Rounding out the top three in the men’s standings were Adam Mills of Bedford Harriers (56:24) and East London Runners’ Thomas Grimes (56:26), while Johanna O’Regan of Riverside Runners kept Schwiening in her sights for the duration, to finish just 46secs behind in the ladies’ results with 1:00:57, second in those standings and 16th overall. Third lady finisher was Eleanor Hunt in 1:03:17, and a host of clubs would do well to get in touch with her, as she competed as an unattached runner! She finished in an excellent 26th place overall.
Men’s age group prizes went to Ty Farrer, the fourth-placed finisher overall (Male veteran over 40 prize, 56:39, Huntingdon AC), Jim Morris (MV50, 59:35, Stamford Striders), John Skelton (MV60, 1:03.26, Milton Keynes AC) and Bob Wells (MV70, 1:10.56, Bedford Harriers). In a hotly contested men’s team prize, Riverside Runners emerged victorious over Bedford Harriers.
Riverside Runners athletes in the final mile. Photos by Stuart Goodwin
On the women’s side the LV35 honour was retained by Christine Lathwell (1:07.05, Stopsley Striders). Paula Downing matched her to reclaim the LV45 award (1:08.28, Mablethorpe Running Club), while Veronica Shadbolt took the LV55 prize (1:13:57, Garden City Runners). Taking LV65 honours was the indefatigable Yuko Gordon, a stalwart of Fairlands Valley Spartans, and her outstanding time of 1:13:31 also earned her the Roger Wadeley Trophy for the best age-graded performance of the race. Wadeley, who died in 2010 after a battle with cancer, was a Biggleswade AC stalwart for over three decades, and a talented racer who still holds 11 club records, two of which date back to the 1970s.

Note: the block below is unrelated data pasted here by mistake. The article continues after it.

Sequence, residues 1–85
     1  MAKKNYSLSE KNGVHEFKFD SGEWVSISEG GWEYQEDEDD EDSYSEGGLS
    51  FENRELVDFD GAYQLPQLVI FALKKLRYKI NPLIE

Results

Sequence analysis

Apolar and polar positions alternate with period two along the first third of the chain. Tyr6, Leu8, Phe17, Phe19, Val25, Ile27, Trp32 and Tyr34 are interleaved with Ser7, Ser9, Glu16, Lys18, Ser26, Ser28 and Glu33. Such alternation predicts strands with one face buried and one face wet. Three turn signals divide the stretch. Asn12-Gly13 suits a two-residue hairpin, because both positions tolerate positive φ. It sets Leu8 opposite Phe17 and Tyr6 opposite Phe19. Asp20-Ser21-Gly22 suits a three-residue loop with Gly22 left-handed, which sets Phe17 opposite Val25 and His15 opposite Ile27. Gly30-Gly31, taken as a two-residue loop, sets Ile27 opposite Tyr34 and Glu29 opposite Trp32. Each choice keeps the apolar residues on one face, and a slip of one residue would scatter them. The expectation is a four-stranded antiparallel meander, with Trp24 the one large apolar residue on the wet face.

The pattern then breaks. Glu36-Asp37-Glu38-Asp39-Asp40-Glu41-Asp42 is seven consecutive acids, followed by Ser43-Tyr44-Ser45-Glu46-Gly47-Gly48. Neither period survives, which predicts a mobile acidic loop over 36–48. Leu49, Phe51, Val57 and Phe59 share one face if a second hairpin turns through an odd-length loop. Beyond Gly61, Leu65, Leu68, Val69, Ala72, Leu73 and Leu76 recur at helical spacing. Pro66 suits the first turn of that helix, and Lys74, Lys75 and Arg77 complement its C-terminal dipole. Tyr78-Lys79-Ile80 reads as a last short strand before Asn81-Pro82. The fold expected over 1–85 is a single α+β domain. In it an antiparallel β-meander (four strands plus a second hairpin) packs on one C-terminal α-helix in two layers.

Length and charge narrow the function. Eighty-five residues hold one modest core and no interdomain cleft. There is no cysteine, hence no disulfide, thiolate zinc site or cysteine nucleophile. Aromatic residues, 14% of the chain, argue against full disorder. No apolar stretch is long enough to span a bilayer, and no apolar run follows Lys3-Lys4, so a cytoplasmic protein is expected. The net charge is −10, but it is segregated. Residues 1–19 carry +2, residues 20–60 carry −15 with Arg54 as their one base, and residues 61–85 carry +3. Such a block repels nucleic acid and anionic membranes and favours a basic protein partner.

The ladies team prize went to Bedford Harriers, and they also took the Erlensee Cup given to the club who enter the most runners – a staggering 77, which accounted for almost a sixth of the total number of runners in the race.
Photos by Stuart Goodwin
The prize for top local finishers, where only runners from SG18 and SG19 postcodes are eligible, went to unattached athlete Trevor Grace (1:04:38) and Ann Wood of Werrington Joggers (1:17:01). Last year’s winners of these prizes, Jamie Hall and Elaine Livera, have gone on to enjoy an outstanding, prize-filled 12 months in the yellow and blue of BAC.
While excellent conditions for running, keeping runners cool, the rain made spectating a damp undertaking, but marshals, resplendent in a their now-annual selection of weird and wonderful hats, kept the cold at bay with warm encouragement, and their presence ensured smooth and safe running in and around the town, as seasoned competitors rubbed shoulders with charity runners and first-timers. At least one runner got a shock on the day to learn that the race was over 10 miles and not 10 kilometres! The course starts and finishes just off Sunderland Road in Sandy, before looping round Northcroft in a U-shape before beginning the progressive, to some seemingly endless climb through the Sand Lane sandhills before joining Everton Road. From there the runners continue until the “Potton Triangle”, from which they then retrace their steps back towards the hills – kinder on the return – until a breathless hurtle home.
Exiting the Sand Hills. Photo by Doug Parker
Photo by Stuart Goodwin
Photo by Stuart Goodwin